Management of Work-Related Stress

Who is responsible for the management of work-related stress? While there are those who are convinced that the responsibility of lies primarily with the management of an organization, others are of the opinion that individual employees have the primary responsibility for managing work-related stress. In this text, I not only state but also substantiate my position on these .

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The Management of Work Related Stress

In basic terms, “stress is the experience of opportunities or threats that people perceive as important and also perceive they might not be able to handle or deal with effectively” (George & Jones, 2010, p. 245). It is important to note from the onset that although stress related to work is somewhat normal, excessive stress on this front could be counterproductive. This is more so the case in those instances where it affects both the emotional and the physical health and well-being of employees. In that regard therefore, the relevance of handling work related stress appropriately cannot be overstated.

Both individual employees and the organization have a certain degree of responsibility when it comes to the management of work-related stress. It is however important to note that to a large extent, it is the organization that is primarily responsible for the management of work-related stress. Those central to not only the prevention but also the minimization of stress at the workplace include but they are not limited to the human resource managers, supervisors, and line managers. These individuals should ideally work closely with the relevant departments such as the Health and Safety department in an attempt to ensure that work-related stress does not interfere with the employees’ effective execution of duties and responsibilities. On this front, it is the holders of the offices mentioned above that are in a better position to investigate and eliminate the key triggers of stress at the workplace. This is more so the case given that in a study conducted several years ago, pressure deadlines, work overload, and threats of job loss were the most common sources of stress (Hawkins, 2003). It is also the aforementioned departments that have the resources and knowhow to develop and implement the most appropriate stress management policies and measures, embrace management standards that are likely to , etc. Essentially, the organization should also acquaint itself with workers’ non-work-related sources of stress. This is more so the case given that “an employer’s awareness of the employee’s non-work-related stressors and problems facilitates good management” (Hawkins, 2003, p. 216).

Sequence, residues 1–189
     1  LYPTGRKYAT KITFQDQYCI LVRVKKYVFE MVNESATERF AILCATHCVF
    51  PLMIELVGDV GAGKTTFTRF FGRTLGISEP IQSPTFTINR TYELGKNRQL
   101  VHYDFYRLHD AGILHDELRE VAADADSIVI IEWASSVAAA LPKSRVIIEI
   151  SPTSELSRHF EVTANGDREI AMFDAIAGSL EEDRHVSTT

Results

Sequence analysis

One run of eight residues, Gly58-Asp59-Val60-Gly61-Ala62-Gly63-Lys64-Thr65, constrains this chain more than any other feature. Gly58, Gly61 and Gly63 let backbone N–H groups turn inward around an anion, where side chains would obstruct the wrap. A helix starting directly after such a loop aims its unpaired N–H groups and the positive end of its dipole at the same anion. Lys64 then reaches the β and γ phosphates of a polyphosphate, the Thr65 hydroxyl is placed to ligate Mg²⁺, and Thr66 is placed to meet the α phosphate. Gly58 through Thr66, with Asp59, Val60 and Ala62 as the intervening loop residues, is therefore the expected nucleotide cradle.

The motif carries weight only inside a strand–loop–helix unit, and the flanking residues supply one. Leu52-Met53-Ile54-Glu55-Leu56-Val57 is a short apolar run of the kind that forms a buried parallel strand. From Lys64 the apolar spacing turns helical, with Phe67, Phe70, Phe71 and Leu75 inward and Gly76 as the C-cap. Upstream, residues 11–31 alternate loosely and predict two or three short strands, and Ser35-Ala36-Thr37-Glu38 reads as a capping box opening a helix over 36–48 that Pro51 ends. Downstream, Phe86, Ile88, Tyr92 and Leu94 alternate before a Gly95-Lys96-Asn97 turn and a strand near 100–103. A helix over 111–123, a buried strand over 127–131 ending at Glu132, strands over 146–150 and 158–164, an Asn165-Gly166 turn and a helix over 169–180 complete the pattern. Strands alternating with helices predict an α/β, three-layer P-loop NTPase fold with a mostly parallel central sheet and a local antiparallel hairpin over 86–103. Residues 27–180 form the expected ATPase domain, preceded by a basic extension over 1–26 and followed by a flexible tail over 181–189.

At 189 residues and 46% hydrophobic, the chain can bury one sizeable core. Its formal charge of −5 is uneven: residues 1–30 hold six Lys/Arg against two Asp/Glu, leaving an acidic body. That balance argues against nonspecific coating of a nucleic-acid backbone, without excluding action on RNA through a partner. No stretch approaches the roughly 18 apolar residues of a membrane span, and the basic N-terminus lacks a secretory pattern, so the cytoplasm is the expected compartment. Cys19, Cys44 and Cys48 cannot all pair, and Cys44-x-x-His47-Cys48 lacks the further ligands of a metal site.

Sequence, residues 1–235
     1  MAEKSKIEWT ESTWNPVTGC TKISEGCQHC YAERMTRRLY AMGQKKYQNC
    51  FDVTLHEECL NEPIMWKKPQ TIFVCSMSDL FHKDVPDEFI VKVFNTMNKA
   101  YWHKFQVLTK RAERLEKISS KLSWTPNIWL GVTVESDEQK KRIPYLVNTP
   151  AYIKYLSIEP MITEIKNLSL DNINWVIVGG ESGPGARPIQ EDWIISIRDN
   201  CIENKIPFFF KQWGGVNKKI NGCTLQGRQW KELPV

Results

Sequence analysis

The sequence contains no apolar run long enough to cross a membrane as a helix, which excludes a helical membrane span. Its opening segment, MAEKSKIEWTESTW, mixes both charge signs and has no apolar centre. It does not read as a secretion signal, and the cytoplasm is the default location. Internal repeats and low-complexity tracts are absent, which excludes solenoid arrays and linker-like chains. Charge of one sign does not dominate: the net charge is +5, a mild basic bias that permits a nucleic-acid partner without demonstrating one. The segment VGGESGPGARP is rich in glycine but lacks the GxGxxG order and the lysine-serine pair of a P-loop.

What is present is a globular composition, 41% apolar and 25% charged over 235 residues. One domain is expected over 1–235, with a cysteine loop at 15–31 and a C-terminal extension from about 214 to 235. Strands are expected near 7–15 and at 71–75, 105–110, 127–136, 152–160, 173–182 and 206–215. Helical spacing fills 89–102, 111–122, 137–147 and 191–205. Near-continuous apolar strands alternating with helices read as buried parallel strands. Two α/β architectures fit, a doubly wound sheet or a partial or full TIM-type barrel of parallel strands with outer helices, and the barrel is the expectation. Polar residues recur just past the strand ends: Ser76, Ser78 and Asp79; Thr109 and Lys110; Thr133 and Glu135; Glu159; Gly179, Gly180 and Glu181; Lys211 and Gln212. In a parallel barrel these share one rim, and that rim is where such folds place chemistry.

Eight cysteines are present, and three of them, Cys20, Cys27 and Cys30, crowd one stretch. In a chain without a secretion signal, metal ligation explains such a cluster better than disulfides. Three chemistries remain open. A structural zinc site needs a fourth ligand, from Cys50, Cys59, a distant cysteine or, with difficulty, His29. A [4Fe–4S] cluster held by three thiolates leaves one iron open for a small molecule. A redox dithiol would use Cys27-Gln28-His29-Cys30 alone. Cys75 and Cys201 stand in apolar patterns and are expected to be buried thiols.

As I have already pointed out elsewhere in this text, employees also have a role to play, albeit a secondary one, in the management of work-related stress. In that regard, employees must ensure that they are actively involved in organizational initiatives whose key goal is stress management. The said employees must also ensure that stressful situations/sources of stress at work are reported to the relevant departments. It should be noted that the organization cannot take any action if it is not aware of a specific source of stress. With that in mind, the move by employees to report possible sources of stress could come in handy in the identification of underlying problems and the subsequent formulation of the most appropriate strategies to tackle the problem. The relevance of being supportive of fellow employees undergoing stressful situations cannot also be overstated. As George & Jones (2010) observe, social support most particularly from friends and family is an important means of coping with stress.


To ensure that work-related stress is contained, the organization (via its various departments) should not only develop stress management policies but also closely monitor the said policies and procedures. This way, deviations from desired objectives can be identified and addressed promptly.


George, J.M. & Jones, G.R. (2010). Understanding and Managing Organizational Behavior (6th ed.). New York: PH Professional Business.

Hawkins, L. (Ed.). (2003). Tolley’s Guide to Managing Employee Health. Ohio: LexisNexis Group.